Polaris on Kubernetes
Fairwinds' Polaris is an open-source policy agent, which helps you to ensure that your cluster aligns with best practices, in the areas of security, reliability, networking and efficiency.
- A Kubernetes cluster
- Flux deployment process bootstrapped
- An Ingress controller to route incoming traffic to services
- External DNS to create an DNS entry the "flux" way
We need a namespace to deploy our HelmRelease and associated YAMLs into. Per the flux design, I create this example yaml in my flux repo at
apiVersion: v1 kind: Namespace metadata: name: polaris
We're going to install the Polaris helm chart from the fairwinds-stable repository, so I create the following in my flux repo (assuming it doesn't already exist):
apiVersion: source.toolkit.fluxcd.io/v1beta1 kind: HelmRepository metadata: name: fairwinds-stable namespace: flux-system spec: interval: 15m url: https://charts.fairwinds.com/stable
Now that the "global" elements of this deployment (just the HelmRepository in this case) have been defined, we do some "flux-ception", and go one layer deeper, adding another Kustomization, telling flux to deploy any YAMLs found in the repo at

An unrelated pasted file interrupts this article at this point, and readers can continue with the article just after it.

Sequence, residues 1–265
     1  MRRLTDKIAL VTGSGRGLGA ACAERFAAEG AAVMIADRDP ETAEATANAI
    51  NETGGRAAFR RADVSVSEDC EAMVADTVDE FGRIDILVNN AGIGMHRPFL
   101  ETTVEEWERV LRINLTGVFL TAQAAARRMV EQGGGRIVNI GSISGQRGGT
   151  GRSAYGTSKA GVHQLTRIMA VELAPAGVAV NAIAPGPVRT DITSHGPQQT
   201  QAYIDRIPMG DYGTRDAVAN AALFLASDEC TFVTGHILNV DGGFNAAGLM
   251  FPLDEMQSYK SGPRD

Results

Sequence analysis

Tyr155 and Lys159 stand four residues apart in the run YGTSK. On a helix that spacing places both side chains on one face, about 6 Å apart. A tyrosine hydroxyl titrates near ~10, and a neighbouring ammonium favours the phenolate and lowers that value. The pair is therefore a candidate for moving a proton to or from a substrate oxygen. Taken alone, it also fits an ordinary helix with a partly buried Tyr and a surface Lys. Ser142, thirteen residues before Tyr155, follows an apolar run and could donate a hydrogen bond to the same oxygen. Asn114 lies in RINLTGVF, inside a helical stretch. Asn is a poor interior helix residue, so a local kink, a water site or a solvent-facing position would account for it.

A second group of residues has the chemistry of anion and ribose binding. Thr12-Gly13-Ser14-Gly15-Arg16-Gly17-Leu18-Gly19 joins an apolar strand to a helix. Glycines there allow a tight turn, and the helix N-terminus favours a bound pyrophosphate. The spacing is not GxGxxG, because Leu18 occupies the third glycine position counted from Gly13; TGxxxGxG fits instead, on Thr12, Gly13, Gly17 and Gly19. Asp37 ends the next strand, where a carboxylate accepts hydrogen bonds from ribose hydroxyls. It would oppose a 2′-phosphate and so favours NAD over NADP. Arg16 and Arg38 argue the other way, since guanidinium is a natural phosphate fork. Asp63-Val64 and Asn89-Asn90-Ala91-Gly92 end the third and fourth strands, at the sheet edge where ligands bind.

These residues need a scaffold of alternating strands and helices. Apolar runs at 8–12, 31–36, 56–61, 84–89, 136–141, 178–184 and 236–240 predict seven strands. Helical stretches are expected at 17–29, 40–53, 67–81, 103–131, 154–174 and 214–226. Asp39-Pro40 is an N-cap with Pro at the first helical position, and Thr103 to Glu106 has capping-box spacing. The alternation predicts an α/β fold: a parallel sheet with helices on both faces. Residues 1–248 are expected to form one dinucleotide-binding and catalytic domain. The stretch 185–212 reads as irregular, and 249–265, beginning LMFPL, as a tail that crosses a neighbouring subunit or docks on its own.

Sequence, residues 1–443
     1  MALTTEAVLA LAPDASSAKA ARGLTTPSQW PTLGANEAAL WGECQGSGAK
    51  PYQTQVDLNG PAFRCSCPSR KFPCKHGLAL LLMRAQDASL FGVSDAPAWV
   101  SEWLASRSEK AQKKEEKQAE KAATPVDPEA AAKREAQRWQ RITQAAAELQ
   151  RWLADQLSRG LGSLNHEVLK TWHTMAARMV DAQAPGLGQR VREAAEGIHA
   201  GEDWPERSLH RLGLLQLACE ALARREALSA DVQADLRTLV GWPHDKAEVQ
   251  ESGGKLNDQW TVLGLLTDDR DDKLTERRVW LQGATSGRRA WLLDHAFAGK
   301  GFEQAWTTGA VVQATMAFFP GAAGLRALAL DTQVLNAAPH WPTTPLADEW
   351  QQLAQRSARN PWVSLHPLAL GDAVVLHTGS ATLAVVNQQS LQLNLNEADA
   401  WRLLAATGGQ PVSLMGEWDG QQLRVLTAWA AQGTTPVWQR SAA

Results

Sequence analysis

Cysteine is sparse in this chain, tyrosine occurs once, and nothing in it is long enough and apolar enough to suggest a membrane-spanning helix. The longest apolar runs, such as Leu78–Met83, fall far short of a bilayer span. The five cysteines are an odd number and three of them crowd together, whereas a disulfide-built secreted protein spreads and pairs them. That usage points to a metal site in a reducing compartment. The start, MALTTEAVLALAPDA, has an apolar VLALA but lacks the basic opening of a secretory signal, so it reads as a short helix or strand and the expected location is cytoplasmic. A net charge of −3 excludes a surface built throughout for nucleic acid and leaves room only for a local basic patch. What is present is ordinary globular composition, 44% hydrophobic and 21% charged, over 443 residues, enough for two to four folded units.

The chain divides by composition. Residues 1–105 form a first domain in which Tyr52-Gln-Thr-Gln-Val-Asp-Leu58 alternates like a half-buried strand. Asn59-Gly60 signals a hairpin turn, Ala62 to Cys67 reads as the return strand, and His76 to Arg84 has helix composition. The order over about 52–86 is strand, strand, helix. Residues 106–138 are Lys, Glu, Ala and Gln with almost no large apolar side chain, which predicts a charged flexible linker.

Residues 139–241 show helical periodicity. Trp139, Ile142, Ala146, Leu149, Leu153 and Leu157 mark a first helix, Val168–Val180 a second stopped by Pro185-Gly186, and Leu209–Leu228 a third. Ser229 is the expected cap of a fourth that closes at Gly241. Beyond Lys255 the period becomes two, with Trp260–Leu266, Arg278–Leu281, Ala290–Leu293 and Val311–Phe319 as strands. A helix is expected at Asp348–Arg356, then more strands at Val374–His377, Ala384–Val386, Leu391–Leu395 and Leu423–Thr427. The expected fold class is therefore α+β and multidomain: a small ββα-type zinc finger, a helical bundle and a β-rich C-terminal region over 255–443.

/polaris/. I create this example Kustomization in my flux repo:
apiVersion: kustomize.toolkit.fluxcd.io/v1beta2 kind: Kustomization metadata: name: polaris namespace: flux-system spec: interval: 30m path: ./polaris prune: true # remove any elements later removed from the above path timeout: 10m # if not set, this defaults to interval duration, which is 1h sourceRef: kind: GitRepository name: flux-system healthChecks: - apiVersion: helm.toolkit.fluxcd.io/v2beta1 kind: HelmRelease name: polaris namespace: polaris
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If, like me, you prefer to create your DNS records the "GitOps way" using ExternalDNS, create something like the following example to create a DNS entry for your Authentik ingress:
apiVersion: externaldns.k8s.io/v1alpha1 kind: DNSEndpoint metadata: name: "polaris.example.com" namespace: polaris spec: endpoints: - dnsName: "polaris.example.com" recordTTL: 180 recordType: CNAME targets: - "traefik-ingress.example.com"
Rather than creating individual A records for each host, I prefer to create one A record (
nginx-ingress.example.com in the example above), and then create individual CNAME records pointing to that A record.